Reading Time: 7 minutes
What is your experience how the growers are treating their crops with toxic pesticides, herbicides, fungicides and low quality chemical fertilizers? Like Avocados being one of the least sprayed and Tomatoes one of the most toxic sprayed. And must be eaten as organically grown. Where do you place your Cacao Beans?
You have some organically grown beans, is that what I have to stick to?
I am going to start this off with a disclaimer. You asked about my experience. That is what I am going to answer. There may or may not be conflicted information out there. In 14 years doing this, this is what I have seen.
I have yet to meet or talk to a single cocoa farmer that uses pesticides or herbicides on their cocoa. The almost universal response is that they simply cannot afford them or have no need of them.
There is a group that have been known to use two particular fungicides. In this case it is copper hydroxide and a biological control fungus. They are used specifically as an integrated treatment method for Witches broom.
“A three-year field study was conducted in Bahia, Brazil to validate several strategies for management of witches' broom disease in cacao caused by Moniliophthora perniciosa. Treatments which were applied alone or in combination included applications of biological control fungus Trichoderma stromaticum, fungicide copper hydroxide and phytosanitary broom removal. When compared with untreated control treatments, higher pod yields and consistently lower pod losses were obtained by alternating fungicide with biocontrol application. Pod losses caused by witches' broom were also reduced by fungicide treatment or by phytosanitary broom removal when applied alone or in combination, however total pod production per tree was consistently low whenever broom removal was used as a management strategy. While application of biocontrol fungus alone was not able to reduce witches' broom on pods, it reduced vegetative broom formation and also increased the number of pod-formingflower cushions. The present study indicates that alternating fungicide copper hydroxide with biocontrol fungus T. stromaticum without expensive phytosanitary broom removal is not only a better disease management strategy in Bahia but also results in better yields and thereby better net economic returns.”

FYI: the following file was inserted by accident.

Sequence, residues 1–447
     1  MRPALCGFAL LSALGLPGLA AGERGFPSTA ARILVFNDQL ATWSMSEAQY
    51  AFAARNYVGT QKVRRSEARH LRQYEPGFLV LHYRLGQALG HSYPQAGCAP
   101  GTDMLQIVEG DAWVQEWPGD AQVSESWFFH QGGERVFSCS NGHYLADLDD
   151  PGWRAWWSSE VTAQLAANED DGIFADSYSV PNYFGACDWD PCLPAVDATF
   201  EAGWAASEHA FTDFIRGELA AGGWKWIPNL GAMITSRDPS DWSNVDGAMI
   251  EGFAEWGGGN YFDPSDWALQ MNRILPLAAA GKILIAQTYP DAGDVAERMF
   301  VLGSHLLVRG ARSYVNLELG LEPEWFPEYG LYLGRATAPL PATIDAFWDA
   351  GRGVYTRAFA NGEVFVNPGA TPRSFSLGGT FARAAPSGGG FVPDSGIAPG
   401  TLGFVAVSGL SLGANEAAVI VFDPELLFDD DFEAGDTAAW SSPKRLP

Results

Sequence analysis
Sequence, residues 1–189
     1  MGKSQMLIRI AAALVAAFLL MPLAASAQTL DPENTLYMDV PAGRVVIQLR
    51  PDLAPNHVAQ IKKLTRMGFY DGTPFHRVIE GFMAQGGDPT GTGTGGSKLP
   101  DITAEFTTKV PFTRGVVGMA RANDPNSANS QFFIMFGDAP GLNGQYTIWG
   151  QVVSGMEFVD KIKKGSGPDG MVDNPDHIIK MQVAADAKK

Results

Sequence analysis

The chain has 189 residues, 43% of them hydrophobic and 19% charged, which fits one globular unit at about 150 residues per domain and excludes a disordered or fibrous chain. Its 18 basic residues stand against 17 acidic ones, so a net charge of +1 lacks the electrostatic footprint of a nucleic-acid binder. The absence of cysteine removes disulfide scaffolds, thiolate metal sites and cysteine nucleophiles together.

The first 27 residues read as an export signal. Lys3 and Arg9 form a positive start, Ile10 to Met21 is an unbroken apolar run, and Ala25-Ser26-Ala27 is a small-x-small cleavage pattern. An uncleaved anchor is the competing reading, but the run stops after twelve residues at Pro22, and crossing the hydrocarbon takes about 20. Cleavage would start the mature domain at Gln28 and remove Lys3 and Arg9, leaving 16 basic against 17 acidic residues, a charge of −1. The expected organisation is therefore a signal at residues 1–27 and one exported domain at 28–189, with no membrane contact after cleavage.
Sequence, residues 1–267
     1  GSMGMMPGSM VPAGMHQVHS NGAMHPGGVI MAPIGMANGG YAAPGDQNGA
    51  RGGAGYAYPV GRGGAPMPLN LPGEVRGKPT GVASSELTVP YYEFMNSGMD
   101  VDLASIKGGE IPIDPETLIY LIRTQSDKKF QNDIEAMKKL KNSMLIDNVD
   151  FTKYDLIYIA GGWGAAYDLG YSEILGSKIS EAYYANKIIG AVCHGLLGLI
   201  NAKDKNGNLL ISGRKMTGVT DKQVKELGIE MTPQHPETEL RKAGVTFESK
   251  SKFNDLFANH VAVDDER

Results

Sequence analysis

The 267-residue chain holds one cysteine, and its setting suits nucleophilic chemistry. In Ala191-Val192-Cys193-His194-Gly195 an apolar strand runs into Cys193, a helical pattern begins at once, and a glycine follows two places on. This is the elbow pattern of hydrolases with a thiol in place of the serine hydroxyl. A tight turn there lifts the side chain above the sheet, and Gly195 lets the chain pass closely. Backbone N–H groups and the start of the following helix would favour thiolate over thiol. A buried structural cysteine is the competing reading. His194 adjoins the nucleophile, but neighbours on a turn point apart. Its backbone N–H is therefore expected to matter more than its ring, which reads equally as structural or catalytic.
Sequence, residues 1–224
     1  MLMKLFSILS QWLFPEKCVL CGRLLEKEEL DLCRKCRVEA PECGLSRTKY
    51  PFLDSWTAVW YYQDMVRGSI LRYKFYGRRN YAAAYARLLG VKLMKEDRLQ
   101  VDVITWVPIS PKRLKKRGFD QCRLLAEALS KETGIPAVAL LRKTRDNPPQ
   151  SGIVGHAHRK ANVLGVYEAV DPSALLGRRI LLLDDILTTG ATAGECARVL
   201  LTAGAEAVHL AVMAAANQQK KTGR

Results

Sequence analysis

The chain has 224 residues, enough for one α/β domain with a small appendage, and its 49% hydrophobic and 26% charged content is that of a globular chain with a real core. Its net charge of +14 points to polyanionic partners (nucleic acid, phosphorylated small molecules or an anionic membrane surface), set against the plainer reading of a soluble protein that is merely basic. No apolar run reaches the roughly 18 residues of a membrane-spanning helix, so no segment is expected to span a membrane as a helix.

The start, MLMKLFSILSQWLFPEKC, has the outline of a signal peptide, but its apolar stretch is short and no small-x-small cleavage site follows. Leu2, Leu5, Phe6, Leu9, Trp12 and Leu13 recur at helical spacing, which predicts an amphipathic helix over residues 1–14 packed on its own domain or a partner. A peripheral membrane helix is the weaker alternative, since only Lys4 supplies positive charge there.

You can read the entire publication here.
As for the “low quality” fertilizers, I am going to remove the value judgement and talk about chemical fertilizers. And the answer is the same. I’ve yet to hear of a single instance of use and the reason is again cost, availability and lack of infrastructure. And need. Time and again the response is to the effect that the trees don't need them if cared for well.
Then why aren’t more of them certified organic I can hear you asking. Back again to cost and infrastructure. Certification is expensive ($10-15K initially) and too many farmers are using cocoa as only one way to make a living. The majority of Venezuelan beans are this way. The farms are days travel from any city. They are isolated, harvesting local trees and with no ability to add synthetic pesticide or herbicides if they wanted to. Honduras is another.
Before I end this it is worth discussing pesticides, methyl bromide, and my years as an analytical chemist.
Methyl bromide is a highly toxic gas that is used to fumigate many crops that arrive to port. That means that non-organic beans are almost universally gassed. I specifically avoid the term sprayed as, again, it is a gas; a HIGHLY volatile gas.
Should you be concerned about it and residue on the beans?
I will give an emphatic no as my answer. You asked about my personal experience and in this case I have specific knowledge. Methyl bromide was one of the VOCs (volatile organic compounds) that I analyzed.
When you do chemical analysis you have to keep certified standards of a known concentration around. My methyl bromide standard was the bane of my existence. Most other standardswere stable for months if not years. They were dissolved in suitable solvents and kept at -20 C when not in use. I was lucky If I could use my methyl bromide standard for more than 2 weeks. It was that volatile and unstable. I would open it to use it, and POOF, it started degrading. So how would methyl bromide behave at room temperature without a stabilizing solvent? I simply could not imagine a scenario where any residue would be left on cocoa beans that had been gassed.
Not to rest on that conviction though, I tested, multiple times, beans I knew for certain had been gassed. The results were unsurprising. I could find no residue down to 0.4 parts per million (as low as I could see). That is another way of saying in 1 kg of beans, I could not find 0.4 mg of residue. And that makes perfect sense as there was no solvent to keepit in place and it was at room temperature.
It is volatile. It goes away.
I also analyzed for a host of herbicides and pesticides. I never was able to find beans with confirmed spraying, so these were truly unknown samples. From 12 different origins, I never once found a single detectable amount of any herbicide or pesticide (totally about 50 different ones). Conclusive? No, but it is my experience.
So, do you need to avoid non-organic beans? I adamantly say no. I would never offer any product that I felt was not 100% safe to eat.